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Securing Your Linux Server: A Comprehensive Guide


Linux is often preferred over Windows for server hosting in many scenarios due to several factors, including:

Cost: Linux is open-source, reducing licensing expenses.

Performance: Efficient resource usage and strong performance.

Stability: Known for consistent uptime and reliability.

Security: Robust security model with quick vulnerability fixes.

Flexibility: Highly customizable to meet specific requirements.

CLI: Powerful command-line interface for efficient management.

Containerization: Dominant platform for Docker and Kubernetes.

Community Support: Large and active community for quick issue resolution.

Web Server Compatibility: Preferred for popular web servers like Apache ,Nginx and Litespeed.

Compatibility: Supports a wide range of software, fostering interoperability.

Linux has been more prevalent in the web hosting world, particularly in server environments, due to its open-source nature, cost-effectiveness, and robust performance.  Linux servers are also susceptible to security vulnerabilities and potential attacks. Thus Securing your Linux server is paramount to protect against unauthorised access, data breaches, and other potential threats. This guide provides a comprehensive set of security practices for a Linux server.

I. Initial Server Setup

1. Update and Patch

Always keep your system up to date with the latest security patches:

In Debian based Systems

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In RHEL based Systems

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2. Create Limited User Accounts

Avoid using the root account for daily tasks. Instead, create a non-root user with sudo privileges:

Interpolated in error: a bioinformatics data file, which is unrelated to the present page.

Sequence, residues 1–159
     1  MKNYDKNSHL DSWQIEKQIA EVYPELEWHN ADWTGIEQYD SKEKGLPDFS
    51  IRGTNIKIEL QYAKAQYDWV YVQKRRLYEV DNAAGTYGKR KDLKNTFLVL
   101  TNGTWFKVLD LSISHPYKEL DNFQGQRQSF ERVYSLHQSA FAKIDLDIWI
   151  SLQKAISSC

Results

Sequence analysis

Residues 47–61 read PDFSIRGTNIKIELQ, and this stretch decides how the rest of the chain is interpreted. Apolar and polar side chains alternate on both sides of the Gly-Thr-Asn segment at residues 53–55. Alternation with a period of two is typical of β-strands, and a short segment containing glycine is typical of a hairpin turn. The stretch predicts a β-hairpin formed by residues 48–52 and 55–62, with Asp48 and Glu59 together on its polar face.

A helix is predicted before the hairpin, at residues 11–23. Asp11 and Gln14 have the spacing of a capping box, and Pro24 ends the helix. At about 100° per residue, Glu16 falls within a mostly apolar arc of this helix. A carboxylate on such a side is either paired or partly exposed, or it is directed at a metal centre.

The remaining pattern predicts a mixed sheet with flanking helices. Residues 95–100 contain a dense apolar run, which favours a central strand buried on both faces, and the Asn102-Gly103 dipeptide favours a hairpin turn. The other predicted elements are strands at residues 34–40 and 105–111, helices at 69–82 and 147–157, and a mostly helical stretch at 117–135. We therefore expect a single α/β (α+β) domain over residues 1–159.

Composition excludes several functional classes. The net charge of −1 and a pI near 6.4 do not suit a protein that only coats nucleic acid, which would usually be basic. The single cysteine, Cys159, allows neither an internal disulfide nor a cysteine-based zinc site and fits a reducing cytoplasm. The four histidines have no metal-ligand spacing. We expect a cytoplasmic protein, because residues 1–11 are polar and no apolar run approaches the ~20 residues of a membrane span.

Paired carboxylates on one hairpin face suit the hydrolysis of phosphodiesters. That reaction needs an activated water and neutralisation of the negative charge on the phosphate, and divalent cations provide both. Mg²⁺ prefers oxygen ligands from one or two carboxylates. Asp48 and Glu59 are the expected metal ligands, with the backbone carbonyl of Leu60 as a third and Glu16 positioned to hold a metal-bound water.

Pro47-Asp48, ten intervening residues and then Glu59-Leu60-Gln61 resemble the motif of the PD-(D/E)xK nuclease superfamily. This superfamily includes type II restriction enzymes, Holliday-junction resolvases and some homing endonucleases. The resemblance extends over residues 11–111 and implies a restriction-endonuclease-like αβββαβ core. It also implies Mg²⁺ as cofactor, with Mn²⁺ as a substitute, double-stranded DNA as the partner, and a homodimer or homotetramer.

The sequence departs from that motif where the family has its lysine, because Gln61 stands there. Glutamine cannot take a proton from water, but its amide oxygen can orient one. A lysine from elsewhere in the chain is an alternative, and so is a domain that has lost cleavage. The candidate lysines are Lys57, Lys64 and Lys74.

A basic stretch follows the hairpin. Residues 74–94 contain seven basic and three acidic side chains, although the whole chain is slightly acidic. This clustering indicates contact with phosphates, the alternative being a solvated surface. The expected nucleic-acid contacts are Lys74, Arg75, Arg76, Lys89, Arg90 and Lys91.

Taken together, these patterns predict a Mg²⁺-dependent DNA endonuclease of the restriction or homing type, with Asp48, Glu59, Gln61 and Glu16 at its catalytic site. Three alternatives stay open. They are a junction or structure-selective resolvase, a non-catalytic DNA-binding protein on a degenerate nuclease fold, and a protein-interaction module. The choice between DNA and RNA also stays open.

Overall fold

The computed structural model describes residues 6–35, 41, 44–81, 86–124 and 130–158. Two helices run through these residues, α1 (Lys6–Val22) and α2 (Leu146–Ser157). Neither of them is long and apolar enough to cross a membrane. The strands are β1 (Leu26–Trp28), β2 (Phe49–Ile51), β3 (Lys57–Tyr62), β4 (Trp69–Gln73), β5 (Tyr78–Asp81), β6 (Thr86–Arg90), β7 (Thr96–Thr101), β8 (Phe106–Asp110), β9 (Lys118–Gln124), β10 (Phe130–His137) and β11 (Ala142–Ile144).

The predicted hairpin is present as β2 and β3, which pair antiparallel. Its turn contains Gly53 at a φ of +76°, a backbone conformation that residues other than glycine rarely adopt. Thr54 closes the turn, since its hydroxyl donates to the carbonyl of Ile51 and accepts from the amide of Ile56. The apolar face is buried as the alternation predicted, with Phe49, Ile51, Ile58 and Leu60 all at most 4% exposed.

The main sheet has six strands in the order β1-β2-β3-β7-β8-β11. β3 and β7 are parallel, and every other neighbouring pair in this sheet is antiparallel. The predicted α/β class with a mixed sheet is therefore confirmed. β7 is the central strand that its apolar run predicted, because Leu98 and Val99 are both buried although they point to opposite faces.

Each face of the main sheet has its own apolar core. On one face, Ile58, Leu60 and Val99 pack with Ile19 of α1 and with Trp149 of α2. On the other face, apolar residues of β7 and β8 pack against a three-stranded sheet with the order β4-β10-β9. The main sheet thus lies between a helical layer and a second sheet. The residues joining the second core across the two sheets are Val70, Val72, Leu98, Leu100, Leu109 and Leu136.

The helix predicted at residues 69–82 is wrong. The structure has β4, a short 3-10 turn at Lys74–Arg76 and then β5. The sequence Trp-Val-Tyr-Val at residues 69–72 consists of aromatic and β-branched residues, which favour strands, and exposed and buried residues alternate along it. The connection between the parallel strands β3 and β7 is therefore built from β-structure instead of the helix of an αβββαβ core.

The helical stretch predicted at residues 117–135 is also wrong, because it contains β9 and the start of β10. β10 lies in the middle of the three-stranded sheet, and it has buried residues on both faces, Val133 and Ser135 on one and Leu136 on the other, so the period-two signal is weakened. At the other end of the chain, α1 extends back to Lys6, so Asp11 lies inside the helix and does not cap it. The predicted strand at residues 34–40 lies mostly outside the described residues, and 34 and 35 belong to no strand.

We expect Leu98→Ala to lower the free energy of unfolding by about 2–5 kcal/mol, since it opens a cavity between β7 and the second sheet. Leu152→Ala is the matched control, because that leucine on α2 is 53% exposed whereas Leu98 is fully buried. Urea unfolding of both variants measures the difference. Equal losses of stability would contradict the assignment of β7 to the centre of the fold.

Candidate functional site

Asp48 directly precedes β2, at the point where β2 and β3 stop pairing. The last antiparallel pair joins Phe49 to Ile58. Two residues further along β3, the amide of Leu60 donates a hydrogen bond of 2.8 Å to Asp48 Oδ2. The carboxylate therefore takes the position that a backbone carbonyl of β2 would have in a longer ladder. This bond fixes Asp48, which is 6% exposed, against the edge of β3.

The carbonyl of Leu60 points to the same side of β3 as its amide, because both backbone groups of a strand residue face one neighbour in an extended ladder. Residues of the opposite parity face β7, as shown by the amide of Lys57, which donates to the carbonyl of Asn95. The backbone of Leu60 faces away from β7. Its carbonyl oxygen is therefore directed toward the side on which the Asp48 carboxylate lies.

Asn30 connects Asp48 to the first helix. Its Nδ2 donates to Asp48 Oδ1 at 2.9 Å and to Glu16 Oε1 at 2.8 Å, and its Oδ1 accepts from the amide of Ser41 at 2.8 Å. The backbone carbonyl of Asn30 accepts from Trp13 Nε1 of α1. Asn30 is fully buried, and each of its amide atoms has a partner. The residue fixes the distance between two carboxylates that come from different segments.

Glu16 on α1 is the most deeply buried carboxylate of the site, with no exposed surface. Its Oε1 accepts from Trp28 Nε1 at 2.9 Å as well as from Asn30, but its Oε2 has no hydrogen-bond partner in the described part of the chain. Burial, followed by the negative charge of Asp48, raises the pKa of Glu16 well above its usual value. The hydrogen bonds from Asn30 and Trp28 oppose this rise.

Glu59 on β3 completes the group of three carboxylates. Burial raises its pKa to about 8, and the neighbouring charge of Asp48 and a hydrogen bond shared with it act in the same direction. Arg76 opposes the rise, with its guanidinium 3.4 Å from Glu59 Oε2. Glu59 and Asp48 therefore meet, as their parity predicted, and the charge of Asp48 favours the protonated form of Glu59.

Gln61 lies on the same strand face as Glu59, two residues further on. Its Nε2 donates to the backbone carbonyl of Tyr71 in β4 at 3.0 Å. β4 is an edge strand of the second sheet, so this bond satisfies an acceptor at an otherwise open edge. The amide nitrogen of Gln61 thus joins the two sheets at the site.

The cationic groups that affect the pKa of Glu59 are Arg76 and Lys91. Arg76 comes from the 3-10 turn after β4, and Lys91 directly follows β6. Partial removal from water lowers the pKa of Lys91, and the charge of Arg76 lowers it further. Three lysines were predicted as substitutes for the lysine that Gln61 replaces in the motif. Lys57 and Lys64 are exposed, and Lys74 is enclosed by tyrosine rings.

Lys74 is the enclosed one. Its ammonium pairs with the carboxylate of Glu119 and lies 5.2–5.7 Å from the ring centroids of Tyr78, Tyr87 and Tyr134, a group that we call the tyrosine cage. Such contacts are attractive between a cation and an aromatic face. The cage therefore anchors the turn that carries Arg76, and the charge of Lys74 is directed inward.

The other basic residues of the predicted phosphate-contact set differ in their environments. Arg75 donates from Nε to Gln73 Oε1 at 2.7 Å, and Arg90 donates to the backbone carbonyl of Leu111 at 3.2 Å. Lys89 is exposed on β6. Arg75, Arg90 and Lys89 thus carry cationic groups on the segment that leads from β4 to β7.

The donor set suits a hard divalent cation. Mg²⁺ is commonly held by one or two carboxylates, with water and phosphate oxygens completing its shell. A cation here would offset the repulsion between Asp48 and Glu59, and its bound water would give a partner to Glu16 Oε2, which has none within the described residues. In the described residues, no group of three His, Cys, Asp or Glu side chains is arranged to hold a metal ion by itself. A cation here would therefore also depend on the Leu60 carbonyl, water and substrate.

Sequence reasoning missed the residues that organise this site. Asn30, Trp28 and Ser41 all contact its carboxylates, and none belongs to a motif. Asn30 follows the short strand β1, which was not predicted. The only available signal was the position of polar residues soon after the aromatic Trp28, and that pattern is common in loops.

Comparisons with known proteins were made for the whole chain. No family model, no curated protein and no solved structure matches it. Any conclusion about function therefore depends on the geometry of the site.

In Debian based Systems

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In RHEL based Systems

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3. SSH Configuration

Enhance SSH security by:

  • Changing the default SSH port.
  • Disabling root login.
  • Enforcing key-based authentication.
  • Enable MFA for SSH login (Needs extra configurations)

Update /etc/ssh/sshd_config and restart the SSH service:

In Debian based Systems

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In RHEL based Systems

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II. Firewall Configuration

1. Implement a firewall to control incoming and outgoing traffic:

In Debian based Systems

Install UFW(Uncomplicated Firewall) and configure it

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In RHEL based Systems

Install and configure Firewalld

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2. Fail2Ban

Install Fail2Ban to protect against brute-force attacks:

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In RHEL based Systems

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III. Software Hardening

1. Disable Unnecessary Services

Identify and disable unnecessary services:

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2. AppArmor or SELinux

Implement AppArmor (Ubuntu) or SELinux (Red Hat) to confine programs:

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In RHEL based Systems

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Then set SELinux to enforcing mode and reboot the system

IV. Intrusion Detection

Install and configure intrusion detection tools like AIDE (Advanced Intrusion Detection Environment)  or OSSEC (Open Source HIDS SECurity):

In Debian based Systems

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In RHEL based Systems

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V. Regular Audits and Maintenance

1. Regular Audits

Conduct regular security audits to identify vulnerabilities and misconfigurations.

2. Automated Security Updates

Set up automatic security updates to ensure your system stays patched:

In Debian based Systems

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In RHEL based Systems

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VI. Conclusion

Securing a Linux server is an ongoing process that requires attention to detail and continuous monitoring. By following the practices outlined in this guide, you can significantly enhance the security posture of your Linux server.

This document serves as a starting point for securing a Linux server. Tailor the recommendations to fit your specific server environment and regularly update your security practices as new threats emerge. Adjustments may be necessary based on specific requirements and use cases. Always test security configurations in a controlled environment before applying them to a production server.

Written by Maxin John.